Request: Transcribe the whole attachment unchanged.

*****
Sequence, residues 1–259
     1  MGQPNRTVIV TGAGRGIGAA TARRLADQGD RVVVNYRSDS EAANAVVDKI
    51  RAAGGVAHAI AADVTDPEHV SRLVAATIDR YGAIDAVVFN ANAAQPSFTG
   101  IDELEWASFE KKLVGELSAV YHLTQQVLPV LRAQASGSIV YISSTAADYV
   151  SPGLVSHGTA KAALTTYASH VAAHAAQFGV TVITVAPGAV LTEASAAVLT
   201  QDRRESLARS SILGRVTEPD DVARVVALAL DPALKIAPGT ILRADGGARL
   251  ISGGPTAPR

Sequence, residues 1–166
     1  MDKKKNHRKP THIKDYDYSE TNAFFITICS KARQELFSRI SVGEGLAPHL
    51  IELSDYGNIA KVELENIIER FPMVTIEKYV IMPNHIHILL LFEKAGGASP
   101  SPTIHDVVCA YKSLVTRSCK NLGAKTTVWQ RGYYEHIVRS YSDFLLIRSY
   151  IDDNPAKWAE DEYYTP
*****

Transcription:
Sequence, residues 1–259
     1  MGQPNRTVIV TGAGRGIGAA TARRLADQGD RVVVNYRSDS EAANAVVDKI
    51  RAAGGVAHAI AADVTDPEHV SRLVAATIDR YGAIDAVVFN ANAAQPSFTG
   101  IDELEWASFE KKLVGELSAV YHLTQQVLPV LRAQASGSIV YISSTAADYV
   151  SPGLVSHGTA KAALTTYASH VAAHAAQFGV TVITVAPGAV LTEASAAVLT
   201  QDRRESLARS SILGRVTEPD DVARVVALAL DPALKIAPGT ILRADGGARL
   251  ISGGPTAPR

Sequence, residues 1–166
     1  MDKKKNHRKP THIKDYDYSE TNAFFITICS KARQELFSRI SVGEGLAPHL
    51  IELSDYGNIA KVELENIIER FPMVTIEKYV IMPNHIHILL LFEKAGGASP
   101  SPTIHDVVCA YKSLVTRSCK NLGAKTTVWQ RGYYEHIVRS YSDFLLIRSY
   151  IDDNPAKWAE DEYYTP